The NYTimes recently resurfaced the video of pastor Andy Savage’s public apology at Highpoint Church in Memphis for sexually abusing Jules Woodson when he was her youth pastor. In it, he characterized his assault as a “sexual incident.”
The congregation gave him a standing ovation.
This latest version of the video, titled “I was Assaulted; He was Applauded,” included Woodson’s commentary. She was seventeen at the time of the assault.
The #MeToo movement gave Woodson the moral courage to voice her story even though the statute of limitations had expired. Her story is a vivid reminder that sexual abuse is not confined to secular settings. It happens inside the church. Sometimes sexual assault is inflicted by a trusted church leader. All too often other leaders compound the trauma by circling the wagons to cover-up and protect perpetrator and the ministry involved. Victims are often re-abused by being disbelieved, pressured to forgive, forget, and move on, or when leaders a victim turns to for help simply fail to act.
All this without involving law enforcement or professional counselors.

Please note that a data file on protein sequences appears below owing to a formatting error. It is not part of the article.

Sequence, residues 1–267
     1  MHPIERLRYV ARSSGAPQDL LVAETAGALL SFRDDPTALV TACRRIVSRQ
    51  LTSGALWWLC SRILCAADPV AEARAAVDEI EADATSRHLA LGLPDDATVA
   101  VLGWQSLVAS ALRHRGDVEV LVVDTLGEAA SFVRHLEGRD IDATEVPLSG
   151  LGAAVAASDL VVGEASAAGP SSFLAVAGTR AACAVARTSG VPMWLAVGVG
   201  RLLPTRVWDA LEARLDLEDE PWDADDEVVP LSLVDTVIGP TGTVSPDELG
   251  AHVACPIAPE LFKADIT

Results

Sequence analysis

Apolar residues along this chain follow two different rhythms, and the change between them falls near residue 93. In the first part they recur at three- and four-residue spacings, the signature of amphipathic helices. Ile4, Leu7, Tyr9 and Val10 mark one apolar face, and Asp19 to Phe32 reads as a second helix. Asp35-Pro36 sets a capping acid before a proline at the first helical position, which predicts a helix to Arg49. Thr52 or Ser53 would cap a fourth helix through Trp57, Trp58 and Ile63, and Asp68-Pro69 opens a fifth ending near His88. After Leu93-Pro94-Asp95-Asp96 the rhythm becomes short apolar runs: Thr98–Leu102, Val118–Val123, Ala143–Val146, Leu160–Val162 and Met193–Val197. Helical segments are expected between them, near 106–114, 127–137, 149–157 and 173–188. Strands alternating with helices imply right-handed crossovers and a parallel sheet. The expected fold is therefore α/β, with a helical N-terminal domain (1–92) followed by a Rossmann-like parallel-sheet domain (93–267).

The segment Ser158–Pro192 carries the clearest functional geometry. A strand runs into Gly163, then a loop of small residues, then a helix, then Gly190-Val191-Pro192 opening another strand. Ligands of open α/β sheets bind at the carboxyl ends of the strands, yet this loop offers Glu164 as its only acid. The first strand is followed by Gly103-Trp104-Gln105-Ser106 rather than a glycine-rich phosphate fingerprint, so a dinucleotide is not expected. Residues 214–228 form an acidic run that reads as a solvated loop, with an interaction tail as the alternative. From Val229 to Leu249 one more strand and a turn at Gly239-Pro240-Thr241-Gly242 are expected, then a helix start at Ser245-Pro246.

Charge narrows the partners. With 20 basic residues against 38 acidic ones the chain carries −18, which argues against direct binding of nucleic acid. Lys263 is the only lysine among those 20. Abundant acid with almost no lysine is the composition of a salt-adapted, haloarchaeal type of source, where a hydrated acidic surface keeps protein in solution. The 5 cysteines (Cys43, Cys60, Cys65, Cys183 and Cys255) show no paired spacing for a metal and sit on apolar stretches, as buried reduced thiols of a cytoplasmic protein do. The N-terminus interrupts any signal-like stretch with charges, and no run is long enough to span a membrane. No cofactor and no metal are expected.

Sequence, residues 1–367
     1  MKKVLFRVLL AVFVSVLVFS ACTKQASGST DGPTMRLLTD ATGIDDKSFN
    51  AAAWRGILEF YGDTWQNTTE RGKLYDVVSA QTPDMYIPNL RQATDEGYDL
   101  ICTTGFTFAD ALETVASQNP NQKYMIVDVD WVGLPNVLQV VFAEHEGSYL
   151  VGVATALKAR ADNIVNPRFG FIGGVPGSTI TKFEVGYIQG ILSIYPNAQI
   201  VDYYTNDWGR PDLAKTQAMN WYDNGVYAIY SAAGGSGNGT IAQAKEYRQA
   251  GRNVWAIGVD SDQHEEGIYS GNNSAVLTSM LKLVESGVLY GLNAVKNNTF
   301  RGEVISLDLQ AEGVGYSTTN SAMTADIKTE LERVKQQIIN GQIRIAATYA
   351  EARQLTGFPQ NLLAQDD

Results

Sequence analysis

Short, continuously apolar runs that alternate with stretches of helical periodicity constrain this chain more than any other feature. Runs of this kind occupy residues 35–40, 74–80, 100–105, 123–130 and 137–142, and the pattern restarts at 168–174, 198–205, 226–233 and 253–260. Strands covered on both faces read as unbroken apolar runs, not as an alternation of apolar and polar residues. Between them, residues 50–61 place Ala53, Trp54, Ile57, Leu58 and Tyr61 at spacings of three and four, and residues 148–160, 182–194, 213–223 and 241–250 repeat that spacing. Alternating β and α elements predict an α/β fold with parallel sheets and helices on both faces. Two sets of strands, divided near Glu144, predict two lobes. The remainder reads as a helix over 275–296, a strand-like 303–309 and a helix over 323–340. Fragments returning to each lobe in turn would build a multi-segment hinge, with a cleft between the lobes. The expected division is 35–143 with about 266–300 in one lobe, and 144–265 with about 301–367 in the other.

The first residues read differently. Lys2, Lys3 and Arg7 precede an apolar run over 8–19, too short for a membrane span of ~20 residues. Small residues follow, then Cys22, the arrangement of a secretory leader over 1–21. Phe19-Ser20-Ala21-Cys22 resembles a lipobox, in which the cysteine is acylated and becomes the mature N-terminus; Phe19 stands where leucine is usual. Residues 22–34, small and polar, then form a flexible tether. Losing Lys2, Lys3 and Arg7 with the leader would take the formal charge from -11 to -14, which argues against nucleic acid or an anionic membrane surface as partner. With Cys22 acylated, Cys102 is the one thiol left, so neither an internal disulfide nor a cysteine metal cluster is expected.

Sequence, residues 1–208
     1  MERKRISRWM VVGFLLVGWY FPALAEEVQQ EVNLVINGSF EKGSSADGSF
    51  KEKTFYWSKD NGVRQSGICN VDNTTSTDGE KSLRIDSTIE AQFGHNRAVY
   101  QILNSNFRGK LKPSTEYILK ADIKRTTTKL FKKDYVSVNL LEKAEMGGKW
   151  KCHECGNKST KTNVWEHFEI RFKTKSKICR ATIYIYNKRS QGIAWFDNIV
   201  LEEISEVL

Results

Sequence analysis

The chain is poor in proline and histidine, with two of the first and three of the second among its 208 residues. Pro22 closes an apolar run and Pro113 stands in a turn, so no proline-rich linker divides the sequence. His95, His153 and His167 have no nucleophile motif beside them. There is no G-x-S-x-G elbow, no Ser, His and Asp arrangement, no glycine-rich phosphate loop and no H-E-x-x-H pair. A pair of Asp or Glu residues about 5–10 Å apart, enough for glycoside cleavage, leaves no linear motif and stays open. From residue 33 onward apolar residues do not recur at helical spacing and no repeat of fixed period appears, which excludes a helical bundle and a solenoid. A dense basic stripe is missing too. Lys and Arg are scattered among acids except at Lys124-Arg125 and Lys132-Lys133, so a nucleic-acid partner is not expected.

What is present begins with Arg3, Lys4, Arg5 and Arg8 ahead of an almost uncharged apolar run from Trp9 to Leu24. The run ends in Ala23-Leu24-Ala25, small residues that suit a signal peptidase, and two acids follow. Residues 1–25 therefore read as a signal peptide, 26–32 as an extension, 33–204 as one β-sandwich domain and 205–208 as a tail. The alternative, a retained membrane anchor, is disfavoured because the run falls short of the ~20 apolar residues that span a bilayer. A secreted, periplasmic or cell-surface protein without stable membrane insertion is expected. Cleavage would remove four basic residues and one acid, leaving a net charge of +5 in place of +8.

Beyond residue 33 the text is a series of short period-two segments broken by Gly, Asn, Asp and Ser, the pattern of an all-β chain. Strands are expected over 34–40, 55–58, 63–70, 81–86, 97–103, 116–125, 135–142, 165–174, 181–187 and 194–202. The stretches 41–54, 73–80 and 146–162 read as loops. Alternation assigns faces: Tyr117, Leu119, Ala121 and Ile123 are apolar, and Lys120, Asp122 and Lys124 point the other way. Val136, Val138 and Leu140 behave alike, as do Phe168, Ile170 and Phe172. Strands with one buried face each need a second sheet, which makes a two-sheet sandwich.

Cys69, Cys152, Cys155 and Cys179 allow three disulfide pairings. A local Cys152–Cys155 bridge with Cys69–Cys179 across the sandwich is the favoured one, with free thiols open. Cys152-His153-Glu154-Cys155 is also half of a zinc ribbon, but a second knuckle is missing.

If there was ever any doubt about the church’s complicity in the #MeToo crisis, the damning flood of #ChurchToo tweets that followed on the heels of the #MeToo twitter storm exposed a serious internal church problem we can no longer ignore.
When the Church is Not a Safe Place
For many, former USA gymnast (now attorney) Rachael Denhollander has become the face of both #MeToo and #ChurchToo. Her #MeToo story made national news in the conviction of USA Gymnastics doctor, Larry Nassar. She was the first to accuse him publically and she gave the last impact statement at his trial.
She became embroiled in the #ChurchToo crisis when she challenge prominent evangelical leaders for a sexual abuse cover-up she described as “widely recognized as one of the worst, if not the worst, instances of evangelical cover-up of sexual abuse.” The cover-up of abuse and the mistreatment she received for her advocacy for the victims led her to voice a conclusion many other women and girls in the church share.
“Church is one of the least safe places to acknowledge abuse because the way it is counseled is, more often than not, damaging to the victim. . . . It is with deep regret that I say the church is one of the worst places to go for help. That’s a hard thing to say, because I am a very conservative evangelical, but that is the truth. There are very, very few who have ever found true help in the church.”
#MeToo Stories in the Bible can help
What is tragically ironic about these current reports of sexual abuse within the church is the fact that the Bible is full of #MeToo stories. Not only should we have been the first to name them, we should be at the forefront of the effort to address and prevent sexual violence against women and girls. Yet somehow we’ve managed to sanitize, spin, or skip these biblical #MeToo stories or else we blame the women involved. They haven’t stirred up righteous indignation in us or caused us to wrestle with these texts.